The TiVo Imperative: Educate and Entice Viewers to "Want to Watch" Commercials and New TV Series

While broadcast networks have been ambitious in delivering full programming to viewers via online alternatives, they remain entrenched in traditional relationships with advertisers.
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Over the next couple of months, TV network programmers and promotion executives will don their Don Quixote costumes and flail at windmills in the hope and belief Americans will embrace more than a handful of new and returning series. And in a recessionary economy, advertisers' questions will become even louder as they wonder if the medium's traditional role as the centerpiece of marketing strategies can continue to be justified.

While overall TV viewing is up, commercial viewing is declining precipitously (no matter what 'live + 3' Nielsen data might suggest). There are 25 million DVRs today. Analysts agree there will be 50 to 60 million in the next three years. The majority of television is time shifted in these homes and the majority of time shifted television ads are fast forwarded. At 60 million homes, probably two-thirds of homes or more that advertisers care about reaching will be fast forwarding the majority of television ads targeted to them.

Tom Rogers, CEO of TiVo and an evangelist for new models of TV advertising, is not alone in his conviction that "in the next two to three years the television industry is going to face an advertising crisis more severe for it than our current global financial crisis. If companies like Bear Sterns and Lehman Brothers, as well as the best run financial institutions, had seen this financial crisis coming," Rogers suggests, "they would have conducted themselves very, very differently. But even though TV and advertising executives see our industry's crisis coming, we are not seeing true urgency in their response. This threat is immediate and urgent. If you think this recession is tough to deal with, believe me it is nothing compared to the downturn in your brands that will come if you do nothing while television advertising goes avoided."

As TiVo has presented a variety of solutions and opportunities to networks, studios, agencies and marketers, Rogers has become increasingly frustrated that TiVo is often bundled with "experimental" media options rather than recognized as an opportunity to identify and implement both short-term and long-term solutions to the accelerating erosion of TV advertising value. (See Marketers Preparing for a DVR/TiVo World )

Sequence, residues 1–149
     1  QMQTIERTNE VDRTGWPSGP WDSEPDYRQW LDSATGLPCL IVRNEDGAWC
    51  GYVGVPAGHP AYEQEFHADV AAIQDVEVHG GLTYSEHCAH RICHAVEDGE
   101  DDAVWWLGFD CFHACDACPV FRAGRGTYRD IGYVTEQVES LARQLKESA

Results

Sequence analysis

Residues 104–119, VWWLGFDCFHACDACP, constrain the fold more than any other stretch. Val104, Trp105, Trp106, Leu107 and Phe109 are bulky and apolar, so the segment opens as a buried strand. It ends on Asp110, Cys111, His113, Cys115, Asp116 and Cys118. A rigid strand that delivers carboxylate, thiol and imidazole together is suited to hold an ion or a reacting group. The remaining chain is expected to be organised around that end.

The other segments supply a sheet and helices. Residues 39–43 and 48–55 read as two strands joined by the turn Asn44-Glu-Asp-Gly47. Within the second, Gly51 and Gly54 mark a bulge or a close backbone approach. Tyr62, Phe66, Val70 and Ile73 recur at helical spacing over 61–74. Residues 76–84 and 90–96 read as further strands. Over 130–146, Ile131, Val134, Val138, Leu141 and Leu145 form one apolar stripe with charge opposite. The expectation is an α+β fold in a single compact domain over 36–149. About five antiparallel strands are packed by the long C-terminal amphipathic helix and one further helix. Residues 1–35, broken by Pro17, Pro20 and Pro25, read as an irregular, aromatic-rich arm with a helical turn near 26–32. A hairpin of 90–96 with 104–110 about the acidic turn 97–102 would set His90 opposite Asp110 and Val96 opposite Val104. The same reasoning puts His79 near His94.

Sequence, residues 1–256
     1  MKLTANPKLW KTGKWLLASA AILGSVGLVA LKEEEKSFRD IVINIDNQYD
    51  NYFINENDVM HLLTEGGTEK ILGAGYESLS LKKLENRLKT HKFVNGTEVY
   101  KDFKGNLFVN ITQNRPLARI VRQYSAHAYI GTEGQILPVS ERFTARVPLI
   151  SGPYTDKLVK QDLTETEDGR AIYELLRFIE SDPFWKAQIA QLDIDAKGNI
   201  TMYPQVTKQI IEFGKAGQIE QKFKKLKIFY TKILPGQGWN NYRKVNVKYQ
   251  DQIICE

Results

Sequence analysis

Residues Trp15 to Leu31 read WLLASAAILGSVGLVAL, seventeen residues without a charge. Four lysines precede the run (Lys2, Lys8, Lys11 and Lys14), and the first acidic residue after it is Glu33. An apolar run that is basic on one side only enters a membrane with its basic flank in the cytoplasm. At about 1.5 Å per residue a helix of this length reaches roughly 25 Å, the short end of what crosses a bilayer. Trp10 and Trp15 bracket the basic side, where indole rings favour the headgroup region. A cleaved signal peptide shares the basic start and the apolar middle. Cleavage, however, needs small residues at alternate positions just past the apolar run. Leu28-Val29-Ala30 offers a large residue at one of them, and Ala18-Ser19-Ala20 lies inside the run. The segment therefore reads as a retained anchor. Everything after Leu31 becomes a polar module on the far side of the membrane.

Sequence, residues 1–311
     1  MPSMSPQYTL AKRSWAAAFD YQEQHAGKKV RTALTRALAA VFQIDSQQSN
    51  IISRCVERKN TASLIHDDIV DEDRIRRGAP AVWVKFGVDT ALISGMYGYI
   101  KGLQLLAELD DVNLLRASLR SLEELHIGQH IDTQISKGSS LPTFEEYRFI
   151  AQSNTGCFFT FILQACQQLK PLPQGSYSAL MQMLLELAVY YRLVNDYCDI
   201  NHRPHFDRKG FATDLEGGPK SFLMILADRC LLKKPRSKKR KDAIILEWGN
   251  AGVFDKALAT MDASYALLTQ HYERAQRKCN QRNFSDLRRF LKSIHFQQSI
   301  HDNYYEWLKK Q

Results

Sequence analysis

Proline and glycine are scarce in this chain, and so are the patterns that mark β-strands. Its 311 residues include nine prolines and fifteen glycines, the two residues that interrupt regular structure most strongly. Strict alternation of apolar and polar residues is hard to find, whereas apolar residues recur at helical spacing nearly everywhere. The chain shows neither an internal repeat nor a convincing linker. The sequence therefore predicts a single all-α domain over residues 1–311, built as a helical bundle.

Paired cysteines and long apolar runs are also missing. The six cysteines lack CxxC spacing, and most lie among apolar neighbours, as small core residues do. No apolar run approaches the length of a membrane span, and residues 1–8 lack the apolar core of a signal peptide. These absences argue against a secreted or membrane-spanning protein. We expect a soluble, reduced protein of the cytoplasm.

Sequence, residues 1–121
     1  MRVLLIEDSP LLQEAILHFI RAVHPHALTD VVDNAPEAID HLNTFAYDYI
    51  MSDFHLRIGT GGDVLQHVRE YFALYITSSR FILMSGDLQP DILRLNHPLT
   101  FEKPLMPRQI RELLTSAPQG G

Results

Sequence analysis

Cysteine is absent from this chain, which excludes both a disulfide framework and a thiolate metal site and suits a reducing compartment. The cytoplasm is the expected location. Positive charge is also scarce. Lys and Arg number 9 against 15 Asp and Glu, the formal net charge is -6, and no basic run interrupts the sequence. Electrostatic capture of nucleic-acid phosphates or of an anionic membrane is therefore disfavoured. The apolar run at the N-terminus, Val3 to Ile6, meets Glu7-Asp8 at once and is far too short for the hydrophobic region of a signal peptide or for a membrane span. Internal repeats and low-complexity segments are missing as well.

In this context, I am urging marketers and TV executives to adopt The TiVo Imperative. For marketers, commit a small percentage of your TV advertising budgets, and for TV programmers, commit a small percentage of your promotional budgets with TiVo to engage DVR-users and educate them to want to click their remote to watch advertising and to test-view new TV series. The multiple options and research capabilities that have been developed and implemented by TiVo make it the most viable option available for marketers and networks to begin addressing the imminent crisis facing the industry.

Marketers and TV executives who have been studying relevant data recognize that solutions for television impending advertising's crisis are not video-on-demand, addressable TV, interactive TV, and live +3 day viewing inclusion in Nielsen ratings. The solutions lie in basic and fundamental methods for enticing viewers to watch commercials by choice across all channels all the time. Marketers and networks, says Rogers, "need to find new and better ways that ultimately will be more effective to engage the viewer that will cause them to click that remote to watch an ad."

"This is too big to put off saying it's a tough financial environment, so it's hard to find the money," argues Rogers. "It's too big to put off saying budgets are being cut back. It's too big to put off saying you don't have the funds to assure television advertising becomes not only more powerful and delivers a better return on investment, but ultimately becomes a far more valuable resource for the consumer."